This proposed addition addresses a known pain point, to be sure, but I
think it has many implications for the future direction of the language and
I'd like to explore them here.
Thanks for writing this up Xiaodi,
We should certainly move any discussion about regex literals into its own
thread, but to make it clear that I'm not simply suggesting that we
implement something in Swift 10 instead of addressing a known pain point
now, here's a sketch of how Swift 5 could make meaningful progress:
- Teach the lexer about basic /pattern/flag syntax.
- Add an `ExpressibleByRegularExpressionLiteral`, where the initializer
would be something like `init(regularExpressionLiteralPattern: String,
flags: RegularExpressionFlags)` where RegularExpressionFlags would be an
- Add conformance to `ExpressibleByRegularExpressionLiteral` to
- Have no default `RegularExpressionLiteralType` for now so that, in the
future, we can discuss and design a Swift standard library regular
expression type, which is justifiable because we've baked in language
support for the literal. This can be postponed.
This approach could make sense, but it makes a couple of assumptions that
I’m not certain are the right way to go (to be clear, I’m not certain that
they’re wrong either!).
Things I’d like to carefully consider:
1) We could make the compiler parse and validate regex literals at compile
a) this allows the compiler to emit diagnostics (with fixits!) on
b) When the compiler knows the grammar of the regex, it can precompile the
regex into a DFA table or static executable code, rather than runtime
compiling into a bytecode.
c) however, the compiler can’t parse the literal unless it knows the
dialect it corresponds to. While we could parameterize this somehow (e.g.
as a requirement in ExpressibleByRegularExpressionLiteral), if we weren’t
bound by backwards compatibility, we would just keep things simple and say
“there is one and only one grammar”. I’d argue that having exactly one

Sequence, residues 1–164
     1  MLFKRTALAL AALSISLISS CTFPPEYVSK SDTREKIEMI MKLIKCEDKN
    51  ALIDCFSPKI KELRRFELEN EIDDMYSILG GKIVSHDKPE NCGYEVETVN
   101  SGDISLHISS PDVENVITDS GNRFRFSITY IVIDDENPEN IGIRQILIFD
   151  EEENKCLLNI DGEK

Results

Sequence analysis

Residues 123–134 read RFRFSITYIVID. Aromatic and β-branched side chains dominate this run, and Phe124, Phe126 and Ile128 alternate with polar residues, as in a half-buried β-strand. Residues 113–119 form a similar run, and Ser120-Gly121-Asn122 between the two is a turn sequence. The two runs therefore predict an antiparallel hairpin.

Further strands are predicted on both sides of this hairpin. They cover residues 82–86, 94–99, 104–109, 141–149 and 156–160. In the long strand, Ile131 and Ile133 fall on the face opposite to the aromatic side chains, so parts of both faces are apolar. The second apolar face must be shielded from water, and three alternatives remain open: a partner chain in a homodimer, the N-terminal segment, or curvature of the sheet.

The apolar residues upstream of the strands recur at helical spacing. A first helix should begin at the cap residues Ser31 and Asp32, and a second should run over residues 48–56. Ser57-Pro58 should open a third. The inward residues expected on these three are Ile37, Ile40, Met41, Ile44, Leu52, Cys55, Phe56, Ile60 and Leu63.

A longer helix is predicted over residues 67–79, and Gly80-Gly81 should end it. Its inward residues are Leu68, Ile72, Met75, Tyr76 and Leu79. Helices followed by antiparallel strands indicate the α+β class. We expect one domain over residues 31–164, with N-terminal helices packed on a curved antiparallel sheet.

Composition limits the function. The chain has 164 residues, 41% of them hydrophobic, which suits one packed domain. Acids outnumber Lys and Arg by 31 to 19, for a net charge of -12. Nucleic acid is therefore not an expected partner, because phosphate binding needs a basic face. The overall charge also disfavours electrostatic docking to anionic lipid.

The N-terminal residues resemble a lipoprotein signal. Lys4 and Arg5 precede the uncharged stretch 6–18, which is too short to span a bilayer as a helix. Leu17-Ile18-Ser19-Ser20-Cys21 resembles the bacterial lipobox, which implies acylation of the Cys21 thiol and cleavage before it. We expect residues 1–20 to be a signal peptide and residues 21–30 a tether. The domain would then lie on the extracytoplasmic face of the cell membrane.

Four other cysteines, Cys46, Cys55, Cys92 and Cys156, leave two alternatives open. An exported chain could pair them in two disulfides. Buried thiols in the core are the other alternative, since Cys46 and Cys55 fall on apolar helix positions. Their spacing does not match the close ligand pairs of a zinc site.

grammar supported by the // syntax is also *better* for users, rather than
saying “it depends on what library you’re passing the regex into”.
I think we've circled back to a topic that we've discussed here before. I
do agree that having more of this validation at compile time would improve
the experience. However, I can see a few drawbacks to the _compiler_ doing
- In the absence of a `constexpr`-like facility, supporting runtime
expressions would mean we'd be writing the same code twice, once in C++ for
compile-time validation of literal expressions and another time in Swift
for runtime expressions.
- As seen in these discussions about string literals where users want to
copy and paste text and have it "just work," supporting only one dialect in
regex literals will inevitably lead users to ask for other types of regex
literals for each individual flavor of regex they encounter.
Just like ExpressibleByDictionaryLiteral doesn't deduplicate keys, leaving
that to Dictionary, I think regex literals are better off not validating
literal expressions (or, maybe, doing only the barest sanity check),
leaving the rest to concrete regex types. As you point out with validation
of integer overflows during constant folding, we could get enough
compile-time validation even without teaching the compiler itself how to
validate the literal.
2) I’d like to explore the idea of making // syntax be *patterns* instead
of simply literals. As a pattern, it should be possible to bind submatches
directly into variable declarations, eliminating the need to count parens
in matches or other gross things. Here is strawman syntax with a dumb
if case /([a-zA-Z]+: let firstName) ([a-zA-Z]+: let lastName)/ =
This is an interesting idea. But is it significantly more usable than the
same type having a collection of named matches using the usual Perl syntax?
if case /(?<firstName>[a-zA-Z]+) (?<lastName>[a-zA-Z]+)/ =
3) I see regex string matching as the dual to string interpolation. We
already provide the ability for types to specify a default way to print
themselves, and it would be great to have default regex’s associated with
many types, so you can just say “match an Int here” instead of having to
match [0-9]+ and then do a failable conversion to Int outside the regex.
4) I’d like to consider some of the advances that Perl 6 added to its
regex grammar. Everyone knows that modern regex’s aren’t actually regular
anyway, so it begs the question of how far to take it. If nothing else, I
appreciate the freeform structure supported (including inline comments)
which make them more readable.
Sounds like we want multiline regex literals
We should also support a dynamic regex engine as well, because there are
On Thu, Nov 23, 2017 at 5:33 PM, Chris Lattner <email@example.com> wrote:
On Nov 23, 2017, at 10:35 AM, Xiaodi Wu via swift-evolution < > firstname.lastname@example.org> wrote:
sometimes reasons to runtime construct regex’s. This could be handled by
having the Regex type support a conversion from String or something,
orthogonal to the language support for regex literals/patterns.